The American chestnut tree has a fascinating history. These beautiful trees once populated over 200 million acres of eastern woodlands until succumbing to a lethal fungus infestation, known as the chestnut blight, during the early 1900s. Within 40 years, over 30 million acres of chestnut trees were destroyed by the blight.

According to the American Chestnut Foundation, the American chestnut tree was an essential component of the entire eastern US ecosystem. It was a late-flowering, reliable, and productive tree, unaffected by seasonal frosts, and was the single most important food source for a wide variety of wildlife from bears to birds.

More recently, blight-resistant chestnut species have been used in breeding programs in the U.S. to create hybrids with the American chestnut. These blight-resistant hybrid American Chestnut trees have been successfully bearing nuts in orchards across the United States, including North Carolina.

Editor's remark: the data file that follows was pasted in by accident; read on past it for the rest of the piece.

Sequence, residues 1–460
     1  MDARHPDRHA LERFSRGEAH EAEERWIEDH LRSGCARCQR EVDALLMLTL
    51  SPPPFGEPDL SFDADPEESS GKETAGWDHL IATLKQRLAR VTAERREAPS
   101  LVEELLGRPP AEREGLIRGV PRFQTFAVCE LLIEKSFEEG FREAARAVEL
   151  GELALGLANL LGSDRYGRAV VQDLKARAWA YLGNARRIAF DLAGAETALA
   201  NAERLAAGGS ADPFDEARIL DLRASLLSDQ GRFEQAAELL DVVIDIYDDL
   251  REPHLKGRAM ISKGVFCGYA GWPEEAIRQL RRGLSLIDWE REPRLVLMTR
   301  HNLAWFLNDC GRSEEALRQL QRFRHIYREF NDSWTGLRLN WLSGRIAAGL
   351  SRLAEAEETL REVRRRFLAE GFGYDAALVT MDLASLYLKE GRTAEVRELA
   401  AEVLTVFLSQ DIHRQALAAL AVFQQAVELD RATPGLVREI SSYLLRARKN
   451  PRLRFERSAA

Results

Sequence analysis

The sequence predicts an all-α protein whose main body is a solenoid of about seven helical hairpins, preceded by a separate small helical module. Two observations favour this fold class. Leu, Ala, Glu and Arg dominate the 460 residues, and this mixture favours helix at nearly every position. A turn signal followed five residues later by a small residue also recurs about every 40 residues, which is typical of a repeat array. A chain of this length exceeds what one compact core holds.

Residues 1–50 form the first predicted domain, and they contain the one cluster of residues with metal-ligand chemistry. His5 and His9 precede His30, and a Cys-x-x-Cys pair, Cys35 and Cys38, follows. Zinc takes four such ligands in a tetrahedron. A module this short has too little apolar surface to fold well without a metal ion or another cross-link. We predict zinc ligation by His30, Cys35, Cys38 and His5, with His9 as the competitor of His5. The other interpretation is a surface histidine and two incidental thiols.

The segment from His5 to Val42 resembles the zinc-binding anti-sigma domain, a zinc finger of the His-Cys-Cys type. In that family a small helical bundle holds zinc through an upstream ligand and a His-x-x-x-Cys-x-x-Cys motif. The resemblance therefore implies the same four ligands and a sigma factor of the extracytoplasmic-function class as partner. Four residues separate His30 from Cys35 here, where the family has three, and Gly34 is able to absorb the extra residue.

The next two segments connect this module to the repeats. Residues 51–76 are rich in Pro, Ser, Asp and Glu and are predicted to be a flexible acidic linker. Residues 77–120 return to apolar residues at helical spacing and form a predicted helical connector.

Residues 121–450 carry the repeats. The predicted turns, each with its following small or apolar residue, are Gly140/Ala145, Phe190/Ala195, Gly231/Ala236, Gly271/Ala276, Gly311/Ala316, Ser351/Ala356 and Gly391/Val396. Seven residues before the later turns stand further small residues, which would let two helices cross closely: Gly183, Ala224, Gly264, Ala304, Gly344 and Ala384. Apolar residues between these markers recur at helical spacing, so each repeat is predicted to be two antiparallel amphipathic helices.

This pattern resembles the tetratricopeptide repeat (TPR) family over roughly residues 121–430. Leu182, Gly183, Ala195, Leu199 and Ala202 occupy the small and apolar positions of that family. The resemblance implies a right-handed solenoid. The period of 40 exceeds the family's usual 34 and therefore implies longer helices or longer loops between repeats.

This resurgence of the chestnut tree is exciting, and we are looking forward to our first crop. Our trees are Dunstan chestnut trees, which were actually first crossbred in Greensboro (love having that North Carolina connection!)

The trees on both of our farms are still young, having just been planted this past spring. But all are doing well, and many are already producing the distinctive spiny chestnut “husk”:


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A “Buzz'”worthy Hive Update | July 21, 2016